Which stimulates the economy: tax cuts or spending?

February 20, 2009 at 5:42 pm (Uncategorized) (, , , , , , , )

Here’s what one of the biggest tax cuts in U.S. history is going to do: A single person making less than $75,000 a year will take home an additional $400 per year under the federal plan passed by Congress, and a couple making less than $150,000 would get $800. This means that the average American will take home an extra $25 in each paycheck. Anybody who thinks this is the sort of “stimulation” that will pull our economy out of its vertical nose-dive is either nuts or being held hostage by their own ideology. Basically, when Obama agreed to add in more tax cuts in order to gain Republican support for the bill (which he never got), he was taking much needed tax revenue from the Treasury and decreasing the amount he was spending on the infrastructure. That is the portion of the bill that will go to repairing our Third World-like infrastructure, including bridges, highways and schools and, in the process, create millions of jobs in the private sector. Government workers will not be doing that work. These will be citizens who would be out of work, not paying taxes, and on government assistance without the program.

Some may recall that last year the government sent out fat rebate checks to tax payers. Families got nearly twice what the tax cuts will net them. Those rebates did NOT go back into the economy, as the wishful thinkers in the Bush administration predicted. For all intents and purposes, the money may as well have been flushed down the toilet because it had no detectable impact on the economy. None.

There are many people who believe with all their heart that giving big tax breaks to corporations and the wealthy will result in expansion of businesses and more jobs. It’s a good theory, but it isn’t borne out by the facts. If anything, we’ve seen in the last 8 years that major corporations taking advantage of de-regulation and tax breaks have chosen to do exactly the opposite by laying off workers, restructuring, moving off-shore, and paying exorbitant bonuses to executives. In the meantime, over the last 15 years wages in the private sector have not gone up. It has been as if we were all background characters in Oliver Stone’s film, “Wall Street”. But, at least Gordon Gecko was good at what he did. The people running our big corporations, especially in the auto industry, do not appear to be cut from the same cloth as Lee Iococca. The Peter Principle is in full swing in corporate America.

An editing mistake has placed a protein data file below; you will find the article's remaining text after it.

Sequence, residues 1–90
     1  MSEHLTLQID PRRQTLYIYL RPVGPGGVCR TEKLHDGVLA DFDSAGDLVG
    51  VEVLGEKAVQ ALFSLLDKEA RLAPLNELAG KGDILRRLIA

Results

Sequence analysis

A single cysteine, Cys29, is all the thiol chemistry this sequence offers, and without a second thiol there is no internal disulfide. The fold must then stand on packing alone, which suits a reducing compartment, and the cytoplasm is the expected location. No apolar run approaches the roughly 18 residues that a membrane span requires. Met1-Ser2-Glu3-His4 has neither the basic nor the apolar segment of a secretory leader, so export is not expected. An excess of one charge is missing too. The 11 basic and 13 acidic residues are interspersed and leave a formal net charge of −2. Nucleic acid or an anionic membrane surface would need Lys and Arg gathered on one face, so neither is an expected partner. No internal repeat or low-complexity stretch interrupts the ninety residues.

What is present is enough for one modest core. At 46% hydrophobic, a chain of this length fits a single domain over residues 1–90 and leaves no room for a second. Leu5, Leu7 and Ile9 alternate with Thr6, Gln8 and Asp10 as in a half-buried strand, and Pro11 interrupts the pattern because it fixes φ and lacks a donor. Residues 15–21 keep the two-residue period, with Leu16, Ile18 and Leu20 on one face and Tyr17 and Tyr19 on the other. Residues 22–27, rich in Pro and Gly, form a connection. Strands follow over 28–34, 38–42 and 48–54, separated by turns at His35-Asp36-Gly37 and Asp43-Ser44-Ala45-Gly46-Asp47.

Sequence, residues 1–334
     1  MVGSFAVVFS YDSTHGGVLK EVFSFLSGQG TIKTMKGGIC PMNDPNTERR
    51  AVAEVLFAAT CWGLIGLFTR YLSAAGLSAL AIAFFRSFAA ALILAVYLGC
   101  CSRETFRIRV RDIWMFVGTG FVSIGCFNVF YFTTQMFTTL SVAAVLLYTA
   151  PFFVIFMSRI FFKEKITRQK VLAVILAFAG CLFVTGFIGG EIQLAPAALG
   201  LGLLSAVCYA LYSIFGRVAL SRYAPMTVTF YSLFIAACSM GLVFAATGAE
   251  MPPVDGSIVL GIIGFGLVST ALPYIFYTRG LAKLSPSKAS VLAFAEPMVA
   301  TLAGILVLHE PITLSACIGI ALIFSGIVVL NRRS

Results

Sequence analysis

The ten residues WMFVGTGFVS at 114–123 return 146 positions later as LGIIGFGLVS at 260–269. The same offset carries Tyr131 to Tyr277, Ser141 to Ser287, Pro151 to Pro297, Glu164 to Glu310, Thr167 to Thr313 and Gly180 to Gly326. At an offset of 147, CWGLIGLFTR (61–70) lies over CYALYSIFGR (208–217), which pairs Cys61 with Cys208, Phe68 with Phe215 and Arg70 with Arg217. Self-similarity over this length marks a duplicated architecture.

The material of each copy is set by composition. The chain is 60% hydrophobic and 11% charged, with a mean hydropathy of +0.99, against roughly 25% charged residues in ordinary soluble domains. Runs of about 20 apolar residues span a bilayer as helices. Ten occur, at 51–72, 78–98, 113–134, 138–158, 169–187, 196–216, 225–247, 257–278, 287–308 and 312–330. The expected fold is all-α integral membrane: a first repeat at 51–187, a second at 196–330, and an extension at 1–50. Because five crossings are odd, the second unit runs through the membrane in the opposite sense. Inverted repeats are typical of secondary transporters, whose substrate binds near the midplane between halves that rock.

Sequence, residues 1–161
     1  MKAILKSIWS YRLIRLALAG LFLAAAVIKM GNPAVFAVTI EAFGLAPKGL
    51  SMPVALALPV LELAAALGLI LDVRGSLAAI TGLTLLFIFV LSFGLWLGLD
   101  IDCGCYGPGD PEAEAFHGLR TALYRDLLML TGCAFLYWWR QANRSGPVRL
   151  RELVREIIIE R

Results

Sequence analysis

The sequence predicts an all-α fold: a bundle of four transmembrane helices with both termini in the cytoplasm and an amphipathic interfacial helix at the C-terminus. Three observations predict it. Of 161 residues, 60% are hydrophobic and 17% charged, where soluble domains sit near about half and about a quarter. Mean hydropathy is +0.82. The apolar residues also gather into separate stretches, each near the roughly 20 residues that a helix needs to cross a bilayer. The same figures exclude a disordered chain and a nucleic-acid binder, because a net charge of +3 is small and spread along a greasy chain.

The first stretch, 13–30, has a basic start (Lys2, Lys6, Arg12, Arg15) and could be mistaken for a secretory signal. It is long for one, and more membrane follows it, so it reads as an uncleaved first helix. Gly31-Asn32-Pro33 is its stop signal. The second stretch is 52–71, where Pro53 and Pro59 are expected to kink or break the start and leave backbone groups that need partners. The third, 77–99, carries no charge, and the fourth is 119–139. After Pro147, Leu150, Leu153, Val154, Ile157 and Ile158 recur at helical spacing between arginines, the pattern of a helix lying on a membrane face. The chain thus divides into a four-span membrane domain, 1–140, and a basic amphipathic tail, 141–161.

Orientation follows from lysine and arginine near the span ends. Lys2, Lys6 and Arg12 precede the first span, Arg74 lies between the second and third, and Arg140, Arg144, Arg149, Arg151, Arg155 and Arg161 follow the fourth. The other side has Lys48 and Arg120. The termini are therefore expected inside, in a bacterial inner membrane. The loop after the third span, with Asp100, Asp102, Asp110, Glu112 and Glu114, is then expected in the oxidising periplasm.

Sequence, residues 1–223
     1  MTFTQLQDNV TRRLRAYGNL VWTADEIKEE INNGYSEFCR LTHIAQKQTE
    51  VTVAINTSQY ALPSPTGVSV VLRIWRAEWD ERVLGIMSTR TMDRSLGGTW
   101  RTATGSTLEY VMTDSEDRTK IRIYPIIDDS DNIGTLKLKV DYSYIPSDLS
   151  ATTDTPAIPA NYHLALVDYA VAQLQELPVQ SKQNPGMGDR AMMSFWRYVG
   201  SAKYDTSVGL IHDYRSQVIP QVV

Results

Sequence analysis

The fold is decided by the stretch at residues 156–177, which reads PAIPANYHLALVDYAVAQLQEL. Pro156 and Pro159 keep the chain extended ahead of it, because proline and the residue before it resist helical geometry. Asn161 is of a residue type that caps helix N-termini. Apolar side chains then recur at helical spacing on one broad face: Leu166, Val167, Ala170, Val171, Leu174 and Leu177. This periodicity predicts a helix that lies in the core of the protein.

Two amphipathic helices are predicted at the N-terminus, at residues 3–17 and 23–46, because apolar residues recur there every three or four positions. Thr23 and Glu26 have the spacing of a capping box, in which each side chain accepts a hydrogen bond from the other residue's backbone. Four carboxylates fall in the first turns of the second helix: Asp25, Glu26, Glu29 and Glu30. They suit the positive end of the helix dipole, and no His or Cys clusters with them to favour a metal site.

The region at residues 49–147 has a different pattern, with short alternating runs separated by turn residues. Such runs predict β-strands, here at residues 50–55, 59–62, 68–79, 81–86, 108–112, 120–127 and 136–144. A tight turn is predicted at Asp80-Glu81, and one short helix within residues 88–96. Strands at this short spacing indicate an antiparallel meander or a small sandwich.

The bottom line is that the ideology of the Republican Party, which is that government cannot be a solution to our biggest problems, ignores the severity of our predicament while showing zero compassion for those who are suffering most in this downturn. I don’t think they actually believe tax cuts will do anything more than give them a campaign slogan in the next election. It’s what they’re against that counts here. They honestly believe that the private sector can police itself and make the right decisions for America. They think that making the rich richer will ultimately raise up the bottom 95% of the country because rich people are the heart and soul of our economy (forget that wages haven’t gone up in this country for the last 15 years). They harp on the concept that only the private sector can create real wealth, when the country’s economy has just struck an iceberg. To clarify the situation for them, the stimulus bill was never intended to create wealth. It is intended to keep our nation afloat. A very small percentage of the population is worried about creating wealth right now. The rest of us are going to remember the way the Republican Party has handled this process.



  1. Man Overboard said,